9. Pubic lice
Pubic lice are small bugs that live on pubic hair. They can be seen by the naked eye and cause severe itching. Pubic lice can be transferred during sexual contact, even when condoms are used. They can also be spread by immediately sharing towels or clothing used by an infected person.
Treatment for public lice involves using a topical cream to kill the lice and eliminating all sources of possible lice by treating bedding and clothing. Sexual contact should be avoided until the pubic area has been professionally evaluated.
Scabies is an infection caused by a mite. Unlike pubic lice, the parasites are not viewable with the naked eye but can be seen with a magnifying glass. They cause itching in not just the genital area but also the hands, legs, torso, and arms, depending on how far the infection has spread.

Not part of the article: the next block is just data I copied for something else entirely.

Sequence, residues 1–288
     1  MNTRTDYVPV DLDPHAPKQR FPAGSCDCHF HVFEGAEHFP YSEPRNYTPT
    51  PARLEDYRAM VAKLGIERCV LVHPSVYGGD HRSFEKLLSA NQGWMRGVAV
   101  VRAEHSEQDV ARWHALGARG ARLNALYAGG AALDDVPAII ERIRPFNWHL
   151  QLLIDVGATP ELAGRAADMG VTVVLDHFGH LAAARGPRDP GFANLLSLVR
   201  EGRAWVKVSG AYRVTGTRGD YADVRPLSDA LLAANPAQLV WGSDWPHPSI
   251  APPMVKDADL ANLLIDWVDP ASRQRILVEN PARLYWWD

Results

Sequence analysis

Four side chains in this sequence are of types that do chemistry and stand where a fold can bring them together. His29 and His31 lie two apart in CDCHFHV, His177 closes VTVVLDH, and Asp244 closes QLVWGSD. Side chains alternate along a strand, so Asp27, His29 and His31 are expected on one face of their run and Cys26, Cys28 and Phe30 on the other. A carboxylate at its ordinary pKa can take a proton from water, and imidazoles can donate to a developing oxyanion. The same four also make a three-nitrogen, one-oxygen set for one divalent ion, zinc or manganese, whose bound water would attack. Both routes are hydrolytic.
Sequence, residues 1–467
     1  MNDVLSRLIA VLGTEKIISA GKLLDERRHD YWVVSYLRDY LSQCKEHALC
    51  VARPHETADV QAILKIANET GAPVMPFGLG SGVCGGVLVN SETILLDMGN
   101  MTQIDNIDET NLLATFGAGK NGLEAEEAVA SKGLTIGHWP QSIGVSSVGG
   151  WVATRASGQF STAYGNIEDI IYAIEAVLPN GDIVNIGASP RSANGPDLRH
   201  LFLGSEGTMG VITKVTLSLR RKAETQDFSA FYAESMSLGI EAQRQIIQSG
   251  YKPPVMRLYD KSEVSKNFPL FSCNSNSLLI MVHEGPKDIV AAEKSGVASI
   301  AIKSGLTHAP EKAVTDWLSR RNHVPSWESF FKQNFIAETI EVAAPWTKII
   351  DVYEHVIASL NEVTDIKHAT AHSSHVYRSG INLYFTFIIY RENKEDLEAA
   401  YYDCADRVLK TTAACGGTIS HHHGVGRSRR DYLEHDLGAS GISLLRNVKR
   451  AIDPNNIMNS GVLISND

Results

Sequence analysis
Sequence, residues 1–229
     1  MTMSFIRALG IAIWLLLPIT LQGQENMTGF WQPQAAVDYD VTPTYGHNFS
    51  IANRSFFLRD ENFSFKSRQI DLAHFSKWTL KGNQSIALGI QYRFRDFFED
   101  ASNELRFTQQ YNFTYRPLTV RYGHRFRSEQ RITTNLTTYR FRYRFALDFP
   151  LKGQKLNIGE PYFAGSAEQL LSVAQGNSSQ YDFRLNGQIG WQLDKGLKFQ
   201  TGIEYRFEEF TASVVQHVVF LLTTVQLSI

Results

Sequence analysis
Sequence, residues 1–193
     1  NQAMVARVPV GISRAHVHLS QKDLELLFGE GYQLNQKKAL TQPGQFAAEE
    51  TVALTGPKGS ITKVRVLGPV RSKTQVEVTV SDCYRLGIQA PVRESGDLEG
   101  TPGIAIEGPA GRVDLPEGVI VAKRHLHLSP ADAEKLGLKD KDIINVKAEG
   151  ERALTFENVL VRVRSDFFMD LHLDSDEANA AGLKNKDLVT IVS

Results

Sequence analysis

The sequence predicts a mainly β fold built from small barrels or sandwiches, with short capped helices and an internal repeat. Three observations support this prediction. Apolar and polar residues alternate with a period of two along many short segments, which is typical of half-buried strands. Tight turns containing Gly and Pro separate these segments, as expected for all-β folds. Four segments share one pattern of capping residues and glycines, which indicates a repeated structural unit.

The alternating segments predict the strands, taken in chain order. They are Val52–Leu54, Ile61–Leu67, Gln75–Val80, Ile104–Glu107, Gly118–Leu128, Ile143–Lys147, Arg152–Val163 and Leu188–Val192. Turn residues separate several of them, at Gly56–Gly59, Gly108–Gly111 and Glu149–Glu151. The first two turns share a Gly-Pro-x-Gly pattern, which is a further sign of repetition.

In most infected people, the itching intensifies during the evening. A topical treatment is available, which takes about a week to eliminate the infection. There is also a treatment in the form of a pill but it comes with the risk of side effects. During treatment, all bedding and infected clothing should be treated as well.
11. Mycoplasma hominis
This STI is often confused with gonorrhea and chlamydia and misdiagnosed. Symptoms include vaginal discharge, burning during urination, pain during intercourse, and vaginal itching. But most with the STI don’t experience symptoms at all.
If left untreated, this infection can cause urethritis and increase the risk for pelvic inflammatory disease. Antibiotics can eliminate the infection.
Ureaplasma is considered highly contagious and unfortunately, most infected individuals do not experience symptoms. Because most carriers don’t know they are infected, it is estimated that nearly 70% of sexually active adults are carriers.